OpenJurist

946 F2d 726 United States v. A Dodds

946 F.2d 726

UNITED STATES of America, Plaintiff-Appellee,
v.
William A. DODDS, Defendant-Appellant.

No. 90-3348.

United States Court of Appeals,
Tenth Circuit.

Oct. 7, 1991.

Michael L. Harris, Asst. Federal Public Defender (Charles D. Anderson, Public Defender, with him, on the brief), Kansas City, Kan., for appellant.

Christina L. Morris, Asst. U.S. Atty. (Lee Thompson, U.S. Atty., and Leon J. Patton, Asst. U.S. Atty., with her, on the brief), Kansas City, Kan., for appellee.

Before ANDERSON and TACHA, Circuit Judges, and CHRISTENSEN, Senior District Judge.*

CHRISTENSEN, Senior District Judge.

Defendant-appellant William A. Dodds, having been charged by indictment with the robbery of a federally-insured bank in violation of 18 U.S.C. § 2113(a), (d), moved for the suppression of evidence claimed to have been obtained contrary to his Fourth Amendment rights. His motion to suppress was denied by the district court. With its approval and the consent of the government, defendant entered a conditional plea of guilty pursuant to Fed.R.Cr.P. 11(a)(2), thus reserving for appeal following his plea and prison sentence the two issues now before us: (1) whether the defendant lacks standing to challenge entry by police into the apartment where he was arrested and the evidence in question seized; (2) whether that entry was without probable cause in violation of defendant's Fourth Amendment rights. Being of the opinion that the first question must be answered in the affirmative and the second in the negative, we affirm.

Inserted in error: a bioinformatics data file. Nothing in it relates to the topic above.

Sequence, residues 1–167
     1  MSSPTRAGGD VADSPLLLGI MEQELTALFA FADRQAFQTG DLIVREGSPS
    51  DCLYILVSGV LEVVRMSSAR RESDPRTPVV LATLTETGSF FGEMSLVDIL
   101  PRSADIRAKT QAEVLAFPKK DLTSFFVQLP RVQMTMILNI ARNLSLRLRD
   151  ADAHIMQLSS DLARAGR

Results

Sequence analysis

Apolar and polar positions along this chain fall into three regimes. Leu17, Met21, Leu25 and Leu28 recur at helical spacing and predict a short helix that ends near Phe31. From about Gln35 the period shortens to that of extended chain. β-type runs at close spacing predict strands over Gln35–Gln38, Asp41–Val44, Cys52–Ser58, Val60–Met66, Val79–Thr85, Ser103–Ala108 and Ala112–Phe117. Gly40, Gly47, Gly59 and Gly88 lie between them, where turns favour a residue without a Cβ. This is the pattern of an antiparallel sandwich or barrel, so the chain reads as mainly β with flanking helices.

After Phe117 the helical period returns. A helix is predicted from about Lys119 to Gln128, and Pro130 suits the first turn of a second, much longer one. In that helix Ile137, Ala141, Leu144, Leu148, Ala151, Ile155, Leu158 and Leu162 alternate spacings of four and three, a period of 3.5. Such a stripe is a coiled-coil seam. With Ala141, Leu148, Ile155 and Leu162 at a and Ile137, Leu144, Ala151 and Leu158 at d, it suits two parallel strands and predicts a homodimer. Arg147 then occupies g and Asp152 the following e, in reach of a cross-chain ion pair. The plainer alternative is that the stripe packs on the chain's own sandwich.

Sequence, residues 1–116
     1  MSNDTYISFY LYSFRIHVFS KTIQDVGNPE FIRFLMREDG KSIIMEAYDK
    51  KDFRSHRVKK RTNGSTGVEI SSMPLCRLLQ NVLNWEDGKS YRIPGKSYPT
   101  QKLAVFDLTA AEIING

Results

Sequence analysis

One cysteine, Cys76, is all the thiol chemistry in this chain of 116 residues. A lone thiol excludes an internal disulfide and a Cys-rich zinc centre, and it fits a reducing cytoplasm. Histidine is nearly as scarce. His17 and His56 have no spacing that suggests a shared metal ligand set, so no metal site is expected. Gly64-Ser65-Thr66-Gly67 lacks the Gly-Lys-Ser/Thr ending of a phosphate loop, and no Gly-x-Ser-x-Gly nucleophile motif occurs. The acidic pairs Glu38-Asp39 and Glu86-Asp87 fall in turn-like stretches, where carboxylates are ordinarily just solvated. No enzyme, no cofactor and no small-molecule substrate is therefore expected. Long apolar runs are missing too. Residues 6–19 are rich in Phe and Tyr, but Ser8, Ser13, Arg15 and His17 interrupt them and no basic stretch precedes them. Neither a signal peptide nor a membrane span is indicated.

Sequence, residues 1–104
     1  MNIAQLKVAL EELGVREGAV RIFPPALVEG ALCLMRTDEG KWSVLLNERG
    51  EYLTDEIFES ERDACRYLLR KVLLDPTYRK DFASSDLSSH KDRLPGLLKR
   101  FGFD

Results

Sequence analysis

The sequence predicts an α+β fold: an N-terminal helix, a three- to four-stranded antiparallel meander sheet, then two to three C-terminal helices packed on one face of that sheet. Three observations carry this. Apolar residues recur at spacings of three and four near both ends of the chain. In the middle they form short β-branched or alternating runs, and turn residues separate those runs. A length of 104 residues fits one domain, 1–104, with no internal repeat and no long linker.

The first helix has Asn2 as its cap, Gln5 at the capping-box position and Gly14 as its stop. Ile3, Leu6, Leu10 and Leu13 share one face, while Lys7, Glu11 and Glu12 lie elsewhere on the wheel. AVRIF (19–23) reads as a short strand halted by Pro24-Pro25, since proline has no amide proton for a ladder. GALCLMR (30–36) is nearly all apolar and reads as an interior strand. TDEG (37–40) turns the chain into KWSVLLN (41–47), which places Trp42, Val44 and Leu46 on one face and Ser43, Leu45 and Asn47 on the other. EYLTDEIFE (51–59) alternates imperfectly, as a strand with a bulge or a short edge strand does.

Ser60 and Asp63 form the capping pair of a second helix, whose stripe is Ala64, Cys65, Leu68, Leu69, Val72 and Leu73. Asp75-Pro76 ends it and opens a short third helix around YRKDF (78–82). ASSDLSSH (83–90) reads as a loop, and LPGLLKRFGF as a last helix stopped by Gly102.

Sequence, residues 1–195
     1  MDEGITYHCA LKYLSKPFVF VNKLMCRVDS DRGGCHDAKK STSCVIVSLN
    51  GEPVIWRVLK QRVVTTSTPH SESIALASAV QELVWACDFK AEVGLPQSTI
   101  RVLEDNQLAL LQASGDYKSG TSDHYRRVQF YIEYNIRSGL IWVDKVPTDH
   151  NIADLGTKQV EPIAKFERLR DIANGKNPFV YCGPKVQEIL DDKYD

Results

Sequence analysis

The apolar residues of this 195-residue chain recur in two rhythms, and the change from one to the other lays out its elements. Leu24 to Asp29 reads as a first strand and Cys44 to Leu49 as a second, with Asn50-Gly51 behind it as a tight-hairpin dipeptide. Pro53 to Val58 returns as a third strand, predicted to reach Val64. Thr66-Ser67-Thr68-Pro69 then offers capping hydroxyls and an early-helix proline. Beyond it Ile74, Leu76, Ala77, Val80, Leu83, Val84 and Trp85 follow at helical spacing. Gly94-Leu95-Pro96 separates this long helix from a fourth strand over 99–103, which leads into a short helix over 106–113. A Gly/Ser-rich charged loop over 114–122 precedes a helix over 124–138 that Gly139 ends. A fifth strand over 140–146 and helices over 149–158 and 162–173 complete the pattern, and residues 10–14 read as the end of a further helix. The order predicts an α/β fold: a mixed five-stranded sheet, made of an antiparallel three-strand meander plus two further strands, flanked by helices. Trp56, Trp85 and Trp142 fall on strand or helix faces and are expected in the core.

Reviewing the factual findings of the district court under the clearly erroneous rule, and the legal issues of standing and probable cause de novo, United States v. Rubio-Rivera, 917 F.2d 1271, 1275 (10th Cir.1990); U.S. v. Butler, 904 F.2d 1482, 1484 (10th Cir.1990), we accept the following facts as essentially undisputed and in accordance with the findings of the district court.1